“Definitely our [defensive] corps is deeper, and our goaltending has been solid,” said O’Connell. “We’re very optimistic how our team can do this year.”

Goaltender, if anything, could be the biggest questions. With the departure of Jake Oettinger and BU’s only other goaltender with significant experience, Max Prawdzik transferring to Arizona State, there are questions. But graduate transfer Sam Tucker, an All-ECAC selection at Yale, will hopefully stabilize the backend with Vinnie Purpura, a sophomore who saw limited minutes last year.

O’Connell termed his team “all in” headed into this season, noting that a year ago his club, which had five players depart early for the pro ranks, as having some guys with “a foot out the door” during the season.

That, he hopes, is something that can solidify what on paper is a very talented group of players.

Jim’s pick: 5th
David’s pick: 4th


HEAD COACH: Mike Cavanaugh, entering his seventh year at UConn

2018-19 OVERALL RECORD: 12-20-2 (7-15-2 Hockey East, ninth)

KEY RETURNING PLAYERS: Senior forward Alexander Payusov (16-4-20), sophomore forward Jachym Kondelik (4-22-26), sophomore forward Ruslan Iskhakov (6-15-21), sophomore goaltender Tomas Vomacka (7-7-0, 2.32 GAA, .922 SV%)

KEY LOSSES: Goalie Adam Huska (5-13-2, 3.34 GAA, .896 SV%), forward Karl El-Mir (13-14-27)

KEY ADDITIONS: Forward Vladislav Firstov (Waterloo, USHL), defenseman Yan Kuznetsov (Sioux Falls, USHL)

2019-20 PREDICTIONS: UConn is a team that every year has taken small steps forward.

For head coach Mike Cavanaugh, he’s ready to see his club take a bigger step in the right direction.

The Huskies return some incredible talent, most of which arrived in Storrs from Europe. The international-flavored lineup might produce pronunciation challenges for announcers but could translate to a very competitive team on the ice.

“I think college hockey in general has gotten more global,” said Cavanaugh. “It’s not like we’re going over to Russia to get these kids. We’re taking these kids out of the USHL. But when you get one, now all of a sudden [their teammates] feel comfortable.”

A player that many will keep an eye on is Czech-born Tomas Vomacka, who last season as a freshman played a bulk of the team’s late-season games, posting a 5-2-0 mark.

“The fact that Tomas finished the year as our starting goaltender and had some success down the stretch gives him some confidence heading into this season,” said Cavanaugh.

Jim’s pick: 9th
David’s pick: 9th


HEAD COACH: Red Gendron, entering his seventh season at Maine

2018-19 OVERALL RECORD: 15-17-4 (11-9-4 Hockey East, sixth)

KEY RETURNING PLAYERS: Junior goalie Jeremy Swayman (14-17-4, 2.77 GAA, .919 SV%), senior forward Mitchell Fossier (8-28-36), senior forward Tim Doherty (9-8-17), junior forward Eduards Tralmaks (8-9-17), sophomore defenseman Simon Butala (0-2-2)

KEY LOSSES: Forward Chase Pearson (16-13-29), defenseman Brady Keeper (7-15-22), forward Brendan Robbins (9-5-14), defenseman Alexis Binner (2-9-11), defenseman Rob Michel (3-6-9), defenseman Sam Becker (1-7-8), defenseman Keith Muehlbauer (0-6-6)

KEY ADDITIONS: Defenseman J.D. Greenway (Dubuque, USHL), defenseman Levi Kleiboer (Minot, NAHL), defenseman Dawson Bruneski (Drumheller, AJHL), defenseman Perry Winfree (Jersey, NCDC), defenseman Adrien Bisson (Ottawa, CCHL), forward Ben Poisson (Prince George, BCHL)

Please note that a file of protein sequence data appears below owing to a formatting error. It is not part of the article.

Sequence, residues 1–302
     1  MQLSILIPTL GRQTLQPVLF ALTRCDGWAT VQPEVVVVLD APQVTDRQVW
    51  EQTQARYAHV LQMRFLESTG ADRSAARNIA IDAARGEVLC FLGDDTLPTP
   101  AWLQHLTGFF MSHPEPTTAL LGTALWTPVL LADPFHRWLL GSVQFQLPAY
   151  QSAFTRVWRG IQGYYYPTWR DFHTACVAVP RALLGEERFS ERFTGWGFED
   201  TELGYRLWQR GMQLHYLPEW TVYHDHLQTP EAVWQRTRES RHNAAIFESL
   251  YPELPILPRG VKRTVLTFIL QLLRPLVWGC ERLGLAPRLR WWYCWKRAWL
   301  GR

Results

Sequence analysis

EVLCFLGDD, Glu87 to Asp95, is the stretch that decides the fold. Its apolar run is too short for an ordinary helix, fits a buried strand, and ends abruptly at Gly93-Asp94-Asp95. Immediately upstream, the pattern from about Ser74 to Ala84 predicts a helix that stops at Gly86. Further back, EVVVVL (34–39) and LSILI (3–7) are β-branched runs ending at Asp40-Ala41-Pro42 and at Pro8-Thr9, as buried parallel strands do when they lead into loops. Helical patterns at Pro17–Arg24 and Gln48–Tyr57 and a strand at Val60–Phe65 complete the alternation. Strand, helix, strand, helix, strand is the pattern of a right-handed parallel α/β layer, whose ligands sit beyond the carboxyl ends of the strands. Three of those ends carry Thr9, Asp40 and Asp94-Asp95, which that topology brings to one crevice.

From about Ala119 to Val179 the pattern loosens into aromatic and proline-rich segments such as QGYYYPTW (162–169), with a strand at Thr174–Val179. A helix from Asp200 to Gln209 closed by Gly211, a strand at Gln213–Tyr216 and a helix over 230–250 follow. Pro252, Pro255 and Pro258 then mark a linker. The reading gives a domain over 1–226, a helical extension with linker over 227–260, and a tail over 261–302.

2019-20 PREDICTIONS: Will Maine finish in sixth place for a third straight year? Higher? Lower?

Arguably, a lot depends on the new defensemen that must fill roles following the departures of five regulars. The goaltending should be among the best in the league with Jeremy Swayman, and the forwards look strong despite the early departure of top goal scorer Chase Pearson.

“My expectations are pretty high,” Maine coach Red Gendron says. “We’re very solid at the forward position with some depth and some pretty good returning offensive players. We have very good goaltending with Jeremy Swayman. On defense, we’ve got some pretty good talent; we’re just going to be young with five new players back there.”

Those five new blueliners include junior J.D. Greenway, who played two years at Wisconsin before spending last season in the USHL, along with Levi Kleiboer, Dawson Bruneski, Perry Winfree, and Adrien Bisson.

“We have a pretty good core,” Gendron says, “so I’m expecting big things from the team.”

Jim’s pick: 10th
David’s pick: 7th


HEAD COACH: Greg Carvel, entering his fourth year at UMass

2018-19 OVERALL RECORD: 31-10-0 (18-6-0 Hockey East, first)

KEY RETURNING PLAYERS: Sophomore goalie Filip Lindberg (11-4-0, 1.59 GAA, .934 SV%), junior goalie Matt Murray (20-5-0, 2.11 GAA, .919 SV%), junior forward Mitchell Chaffee (18-24-42), sophomore defenseman Marc Del Gaizo, D (13-16-39)

KEY LOSSES: Defenseman Cale Makar (16-33-49), defenseman Mario Ferraro (2-12-14), forward Jacob Pritchard (16-31-47)

KEY ADDITIONS: Defenseman Zac Jones (Tri-City USHL), forward Cal Kiefiuk (Central Illinois, USHL)

2019-20 PREDICTIONS: There is no question that 2018-19 will be looked at as a watershed moment for UMass. Taking the school’s first regular-season title and advancing to the national title game, eventually falling to Minnesota Duluth, the Minutemen acquired plenty of experience upon which it can build.

Though the national title game loss was less than ideal, the way it occurred, says head coach Greg Carvel, was helpful in making the players understand there is still plenty of work still to do.

“We’ve been preaching the same thing since Day 1,” said Carvel. “To see it fulfilled gives your players more confidence in you as a coach.

“We were humbled in that national championship game. I’d rather lose that game 3-0 than 4-3 in overtime. We left with our tail between our legs and that taste is still in our mouths.”